FAM turns out to be required for survivin behavior at centromeres in a particularly interesting way. In FAM-depleted cells, the amount of survivin on the centromeres of chromosomes that are aligned on the mitotic spindle decreases, but survivin (and aurora B) on misaligned chromosomes increases, with the protein spilling over onto the chromosome arms. Studies using fluorescent probes to quantify movements of molecules inside living cells have shown that survivin localization at centromeres is dynamic (10, 11). These dynamics are substantially (up to 50-fold) quenched after FAM expression is reduced (3).

Vong et al. (3) find that when the amount of K63-linked ubiquitin on survivin is too low, the protein cannot accumulate at centromeres, and chromosome segregation is perturbed. On the other hand, if too much K63-linked ubiquitin is associated with survivin, then the protein is stuck at centromeres and cannot move around normally. This also perturbs chromosome segregation. Together, these results reveal that the balance between K63-linked ubiquitination and deubiquitination plays a key role in regulating survivin function, apparently by regulating the mobility of the protein (see the figure). Why the inhibition of survivin dynamics at centromeres, caused by overaccumulation of K63-linked ubiquitin, impairs the ability of the chromosomal passenger complex to tinker with chromosome attachments to the spindle microtubules is not known. Nor is it clear how this in turn causes defects in chromosome alignment in the mitotic spindle and segregation when cells enter anaphase. Apparently, the correct balance between K63-linked ubiquitination promoted by p97-NP14-Ufd1, and deubiquitination by FAM, ensures that survivin spends just the right amount of time at centromeres to properly regulate chromosome-spindle attachments.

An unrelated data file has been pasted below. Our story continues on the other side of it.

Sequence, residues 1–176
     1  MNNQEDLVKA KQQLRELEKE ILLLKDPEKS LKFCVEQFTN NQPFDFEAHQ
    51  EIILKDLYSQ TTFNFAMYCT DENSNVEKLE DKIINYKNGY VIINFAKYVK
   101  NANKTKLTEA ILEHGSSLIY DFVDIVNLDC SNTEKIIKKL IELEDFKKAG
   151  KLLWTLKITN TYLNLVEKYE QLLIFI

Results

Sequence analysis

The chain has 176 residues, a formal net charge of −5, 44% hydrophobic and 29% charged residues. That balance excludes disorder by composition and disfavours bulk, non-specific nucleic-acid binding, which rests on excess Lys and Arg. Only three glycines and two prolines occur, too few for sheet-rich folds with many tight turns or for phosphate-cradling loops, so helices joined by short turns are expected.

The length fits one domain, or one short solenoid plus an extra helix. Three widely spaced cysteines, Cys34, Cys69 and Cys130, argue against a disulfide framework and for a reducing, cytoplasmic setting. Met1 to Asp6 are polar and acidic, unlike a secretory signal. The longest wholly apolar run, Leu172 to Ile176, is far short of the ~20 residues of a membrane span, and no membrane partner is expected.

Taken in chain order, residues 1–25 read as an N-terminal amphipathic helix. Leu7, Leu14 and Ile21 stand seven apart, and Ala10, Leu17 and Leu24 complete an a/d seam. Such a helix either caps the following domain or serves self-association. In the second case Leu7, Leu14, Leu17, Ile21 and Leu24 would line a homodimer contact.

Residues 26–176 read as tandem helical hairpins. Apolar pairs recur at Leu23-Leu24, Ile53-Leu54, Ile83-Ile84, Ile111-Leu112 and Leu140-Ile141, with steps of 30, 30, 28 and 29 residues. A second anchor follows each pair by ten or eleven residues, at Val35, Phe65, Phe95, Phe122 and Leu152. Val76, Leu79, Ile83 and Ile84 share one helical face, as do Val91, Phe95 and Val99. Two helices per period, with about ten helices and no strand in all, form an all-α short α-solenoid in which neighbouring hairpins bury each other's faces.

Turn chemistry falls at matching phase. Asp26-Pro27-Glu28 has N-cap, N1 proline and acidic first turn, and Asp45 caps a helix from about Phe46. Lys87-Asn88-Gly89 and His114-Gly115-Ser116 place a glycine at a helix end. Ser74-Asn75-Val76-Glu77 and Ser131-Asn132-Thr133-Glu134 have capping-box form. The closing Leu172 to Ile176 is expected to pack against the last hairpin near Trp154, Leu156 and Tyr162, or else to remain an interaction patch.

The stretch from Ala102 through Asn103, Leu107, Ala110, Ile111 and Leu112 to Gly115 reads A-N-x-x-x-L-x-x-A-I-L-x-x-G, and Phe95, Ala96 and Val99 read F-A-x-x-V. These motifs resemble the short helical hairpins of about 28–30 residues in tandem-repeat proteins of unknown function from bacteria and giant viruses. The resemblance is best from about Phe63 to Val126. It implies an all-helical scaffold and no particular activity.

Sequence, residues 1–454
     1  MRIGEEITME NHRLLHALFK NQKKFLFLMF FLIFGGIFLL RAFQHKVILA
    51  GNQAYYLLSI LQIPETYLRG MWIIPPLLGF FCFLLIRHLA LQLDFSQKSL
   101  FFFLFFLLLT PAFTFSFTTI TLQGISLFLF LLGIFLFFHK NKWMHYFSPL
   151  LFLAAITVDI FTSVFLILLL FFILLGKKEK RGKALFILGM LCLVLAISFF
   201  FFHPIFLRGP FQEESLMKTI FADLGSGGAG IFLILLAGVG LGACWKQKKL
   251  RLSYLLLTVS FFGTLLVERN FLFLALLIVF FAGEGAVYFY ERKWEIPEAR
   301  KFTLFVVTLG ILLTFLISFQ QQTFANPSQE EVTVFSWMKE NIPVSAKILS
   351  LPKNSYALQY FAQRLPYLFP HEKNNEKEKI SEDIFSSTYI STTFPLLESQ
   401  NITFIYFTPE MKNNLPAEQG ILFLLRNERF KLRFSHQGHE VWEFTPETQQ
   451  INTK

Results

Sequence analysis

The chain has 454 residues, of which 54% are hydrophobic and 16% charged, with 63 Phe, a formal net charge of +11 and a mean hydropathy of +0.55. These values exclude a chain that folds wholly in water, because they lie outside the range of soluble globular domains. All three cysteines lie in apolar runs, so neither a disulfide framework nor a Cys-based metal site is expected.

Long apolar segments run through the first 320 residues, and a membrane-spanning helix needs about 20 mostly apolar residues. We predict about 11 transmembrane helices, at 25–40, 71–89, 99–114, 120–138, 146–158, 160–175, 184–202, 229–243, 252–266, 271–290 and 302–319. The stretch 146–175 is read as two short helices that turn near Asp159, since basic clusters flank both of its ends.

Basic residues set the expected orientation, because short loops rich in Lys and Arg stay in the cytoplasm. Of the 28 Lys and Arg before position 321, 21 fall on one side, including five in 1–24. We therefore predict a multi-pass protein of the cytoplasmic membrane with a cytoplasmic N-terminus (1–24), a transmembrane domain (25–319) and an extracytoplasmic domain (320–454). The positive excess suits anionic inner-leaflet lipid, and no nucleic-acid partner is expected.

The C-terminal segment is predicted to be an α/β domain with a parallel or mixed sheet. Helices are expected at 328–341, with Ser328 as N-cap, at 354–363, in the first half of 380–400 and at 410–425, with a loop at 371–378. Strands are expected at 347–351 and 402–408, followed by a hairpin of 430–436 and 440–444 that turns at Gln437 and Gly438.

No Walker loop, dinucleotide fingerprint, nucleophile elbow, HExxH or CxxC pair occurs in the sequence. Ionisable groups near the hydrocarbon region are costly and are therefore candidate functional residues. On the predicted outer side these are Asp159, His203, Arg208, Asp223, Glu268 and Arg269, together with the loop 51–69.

In addition to illustrating a new role for ubiquitin in controlling the behavior of a key mitotic regulator during mitosis, the Vong et al. study raises interesting questions for future research. As pointed out by the authors, there are myriads of deubiquitinating enzymes and their regulators, whose functions remain to be determined. Are we on the cusp of discovering a whole new role for ubiquitin in regulating the dynamic mobility of cellular proteins in mitosis and beyond?

References and Notes

M. Carmena, W. C. Earnshaw, Nat.Rev. Mol. Cell Biol. 4, 842 (2003). [Medline]
P. Vagnarelli,W. C. Earnshaw, Chromosoma 113, 211 (2004).[Medline]
Q. P. Vong, K. Cao, H. Y. Li, P. A. Iglesias, Y. Zheng, Science 310, 1499 (2005).
E. K. Speliotes, A. Uren, D. Vaux, H. R. Horvitz, Mol. Cell 6, 211 (2000). [Medline]
A. G. Uren et al., Curr. Biol. 10, 1319 (2000). [Medline]
M. A. Bolton et al., Mol. Biol. Cell 13, 3064 (2002). [Medline]
R. Gassmann et al., J. Cell Biol. 166, 179 (2004). [Medline]
FAM (fat facet in mouse) is also known as faf (fat facet) in the fly Drosophila melanogaster and as USP9x in human. Here, I use hFAM and xFAM to refer to human and Xenopus FAM, respectively. p97 is an adenosine triphosphatase, six copies of which interact with a dimer of NP14-Udf1.
L. Sun, Z. J. Chen, Curr.Opin. Cell Biol. 16, 119 (2004). [Medline]
M. Delacour-Larose, A. Molla, D. A. Skoufias, R. L. Margolis, S. Dimitrov, Cell Cycle 3, 1418 (2004). [Medline]
V. A. Beardmore, L. J. Ahonen, G. J. Gorbsky, M. J. Kallio, J. Cell Sci. 117, 4033 (2004). [Medline]
10.1126/science.1121952